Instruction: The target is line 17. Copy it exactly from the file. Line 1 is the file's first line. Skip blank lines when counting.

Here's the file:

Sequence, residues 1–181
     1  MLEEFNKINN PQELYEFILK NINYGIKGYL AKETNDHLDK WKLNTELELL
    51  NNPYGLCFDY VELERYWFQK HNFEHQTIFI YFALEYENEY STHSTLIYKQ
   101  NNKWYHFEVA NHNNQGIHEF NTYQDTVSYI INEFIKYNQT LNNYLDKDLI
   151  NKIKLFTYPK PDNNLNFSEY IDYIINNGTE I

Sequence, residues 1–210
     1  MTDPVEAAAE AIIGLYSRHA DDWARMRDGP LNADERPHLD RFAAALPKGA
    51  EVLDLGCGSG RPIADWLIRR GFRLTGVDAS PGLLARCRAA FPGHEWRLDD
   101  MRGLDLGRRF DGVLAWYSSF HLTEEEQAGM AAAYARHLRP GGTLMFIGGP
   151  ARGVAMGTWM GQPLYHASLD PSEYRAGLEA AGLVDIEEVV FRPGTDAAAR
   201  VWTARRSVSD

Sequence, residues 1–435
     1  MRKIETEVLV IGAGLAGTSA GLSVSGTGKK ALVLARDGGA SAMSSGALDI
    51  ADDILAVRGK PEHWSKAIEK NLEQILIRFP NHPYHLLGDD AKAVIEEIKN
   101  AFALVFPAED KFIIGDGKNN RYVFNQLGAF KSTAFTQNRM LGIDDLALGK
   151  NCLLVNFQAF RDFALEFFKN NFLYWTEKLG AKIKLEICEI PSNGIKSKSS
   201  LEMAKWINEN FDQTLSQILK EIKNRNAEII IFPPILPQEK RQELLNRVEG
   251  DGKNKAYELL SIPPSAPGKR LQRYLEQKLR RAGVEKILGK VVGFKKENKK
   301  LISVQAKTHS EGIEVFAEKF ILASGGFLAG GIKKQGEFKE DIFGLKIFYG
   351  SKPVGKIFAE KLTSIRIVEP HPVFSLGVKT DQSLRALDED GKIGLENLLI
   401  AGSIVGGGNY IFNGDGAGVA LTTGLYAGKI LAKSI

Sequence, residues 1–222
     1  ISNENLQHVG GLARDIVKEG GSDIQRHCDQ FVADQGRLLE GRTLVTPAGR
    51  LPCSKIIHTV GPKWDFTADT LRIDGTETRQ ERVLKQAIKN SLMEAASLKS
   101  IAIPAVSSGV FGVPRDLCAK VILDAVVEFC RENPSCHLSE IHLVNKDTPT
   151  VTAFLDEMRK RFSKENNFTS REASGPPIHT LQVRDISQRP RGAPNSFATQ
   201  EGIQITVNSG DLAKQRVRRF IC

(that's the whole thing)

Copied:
   201  LEMAKWINEN FDQTLSQILK EIKNRNAEII IFPPILPQEK RQELLNRVEG